- 5. Place the baking sheet in the oven and bake for 30 minutes. Remove from the heat (keep the oven on) and stir the purée with the rubber spatula so that it dries evenly and doesn’t form a crust. Re-spread the purée with the spatula into a rectangle about 1/8 inch thick. Be fanatical about spreading it evenly; if any part is too thin, it may burn. Because of evaporation, the purée will no longer cover the baking sheet. With a paper towel, remove any bits of tomato that cling to the edges or exposed bottom of the baking sheet, or they will burn.
- 6. Return the baking sheet to the oven and continue baking until the tomato purée is no longer saucelike but very thick, stiff, and a little sticky, about 3 more hours total. Every 20 minutes, stir and carefully re-spread the purée as before. The rectangle will become progressively smaller as the remaining water evaporates.
- 7. Let the tomato paste cool to room temperature, then pack it tightly in a clean jar with a spoon, tamping it down to make sure there are no air pockets. Level the surface with the back of the spoon. Cover the surface completely with olive oil so that the paste is not exposed. Screw the lid on the jar and refrigerate. After every use, level the surface of the paste and top with more oil so the paste remains completely submerged. It will keep in the refrigerator for at least a year.
Sun-Dried Tomato Paste Variation
- If you know you will have 3 to 4 consecutive days of 100ºF (38ºC) weather, you can dry the tomato purée under the sun instead of in the convection oven. Follow the recipe in every other respect, and start to use the sun at step 4. Be sure to bring the tray in at night so it doesn’t get damp.
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Aug 27, 2013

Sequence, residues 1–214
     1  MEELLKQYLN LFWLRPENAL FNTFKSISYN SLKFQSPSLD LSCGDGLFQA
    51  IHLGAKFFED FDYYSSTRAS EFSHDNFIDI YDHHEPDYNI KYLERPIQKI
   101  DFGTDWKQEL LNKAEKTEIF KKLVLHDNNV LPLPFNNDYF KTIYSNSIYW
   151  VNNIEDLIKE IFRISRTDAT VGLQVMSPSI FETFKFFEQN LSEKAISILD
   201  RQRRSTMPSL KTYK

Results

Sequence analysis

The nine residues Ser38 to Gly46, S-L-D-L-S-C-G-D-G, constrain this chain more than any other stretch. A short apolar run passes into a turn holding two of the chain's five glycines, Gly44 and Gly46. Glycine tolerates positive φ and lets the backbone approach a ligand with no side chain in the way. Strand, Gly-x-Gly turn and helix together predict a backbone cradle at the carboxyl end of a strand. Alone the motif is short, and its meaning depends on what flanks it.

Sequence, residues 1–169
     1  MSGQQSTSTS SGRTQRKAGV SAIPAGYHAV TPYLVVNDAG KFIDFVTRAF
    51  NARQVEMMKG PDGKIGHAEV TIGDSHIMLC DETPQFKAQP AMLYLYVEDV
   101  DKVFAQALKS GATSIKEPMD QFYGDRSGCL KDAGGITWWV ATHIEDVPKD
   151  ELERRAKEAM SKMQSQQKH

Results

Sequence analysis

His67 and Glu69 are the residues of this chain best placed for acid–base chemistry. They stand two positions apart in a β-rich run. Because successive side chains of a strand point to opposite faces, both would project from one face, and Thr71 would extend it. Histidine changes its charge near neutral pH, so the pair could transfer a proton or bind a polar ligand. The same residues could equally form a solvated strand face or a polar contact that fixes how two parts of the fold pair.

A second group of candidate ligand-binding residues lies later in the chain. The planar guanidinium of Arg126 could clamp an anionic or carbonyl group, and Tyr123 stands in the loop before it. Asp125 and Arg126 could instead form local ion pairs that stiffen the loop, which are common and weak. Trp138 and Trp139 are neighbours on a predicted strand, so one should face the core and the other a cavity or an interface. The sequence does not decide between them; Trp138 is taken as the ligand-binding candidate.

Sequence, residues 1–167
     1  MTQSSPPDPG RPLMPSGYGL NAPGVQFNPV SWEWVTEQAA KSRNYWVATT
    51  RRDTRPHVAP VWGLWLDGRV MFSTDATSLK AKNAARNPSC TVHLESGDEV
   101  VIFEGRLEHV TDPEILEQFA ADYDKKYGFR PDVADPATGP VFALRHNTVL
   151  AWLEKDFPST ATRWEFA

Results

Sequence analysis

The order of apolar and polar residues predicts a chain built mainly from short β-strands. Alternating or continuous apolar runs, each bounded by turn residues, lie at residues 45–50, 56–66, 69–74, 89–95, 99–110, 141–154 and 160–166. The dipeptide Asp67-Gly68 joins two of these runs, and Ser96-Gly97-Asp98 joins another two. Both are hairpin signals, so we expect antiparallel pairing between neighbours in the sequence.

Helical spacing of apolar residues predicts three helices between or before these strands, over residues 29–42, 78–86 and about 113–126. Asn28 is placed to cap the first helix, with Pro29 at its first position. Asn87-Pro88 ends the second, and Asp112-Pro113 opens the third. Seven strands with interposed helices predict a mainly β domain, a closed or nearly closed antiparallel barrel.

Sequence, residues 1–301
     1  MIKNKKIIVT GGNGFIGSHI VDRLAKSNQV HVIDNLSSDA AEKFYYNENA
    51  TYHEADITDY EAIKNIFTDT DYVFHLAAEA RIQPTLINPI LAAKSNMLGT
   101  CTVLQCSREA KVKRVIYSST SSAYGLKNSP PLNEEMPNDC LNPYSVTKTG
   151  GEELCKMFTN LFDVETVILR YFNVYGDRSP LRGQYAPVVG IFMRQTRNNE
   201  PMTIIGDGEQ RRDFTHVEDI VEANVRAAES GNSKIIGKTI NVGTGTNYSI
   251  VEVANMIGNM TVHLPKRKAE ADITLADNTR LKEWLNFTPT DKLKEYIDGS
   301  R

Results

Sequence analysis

Finally, something new to do with summer’s bounty of tomatoes. The instructions look daunting, but it’s simplicity itself to make, providing you set aside the time. As it was too early for my tomatoes when I tested this recipe, I cut a deal with the local farmers’ market for overripe tomatoes. Coring and seeding the tomatoes was a simple matter, as was cooking them down until the juice was released. I did find it odd that the instructions had us put the tomatoes through a food mill or sieve to remove the seeds when I’d removed them already. I think a food mill was the best choice to remove the skins from the cooked tomatoes, as it did a bang-up job providing me with a smooth purée with nothing extra in it. I used a slotted spoon to remove the tomatoes from the pot to avoid excess liquid going through the mill. The recipe didn’t specify whether or not to add the excess juice back to cook down with the purée, so I left most of it in. I let it cook down for a full hour because it was so runny. The timing was spot-on, baking it low and slow with no burning. For all that work, I got three 125-milliliter jars of tomato conserva. They’re not kidding when they say it’s salty. I’ll definitely be making this again when tomato season is here, but I might cut down on the salt a little, as 1 heaping teaspoon paste seasoned an entire large pot of lamb ragu such that I didn’t need to use any additional salt. I can’t wait to use this in more dishes.
Aug 27, 2013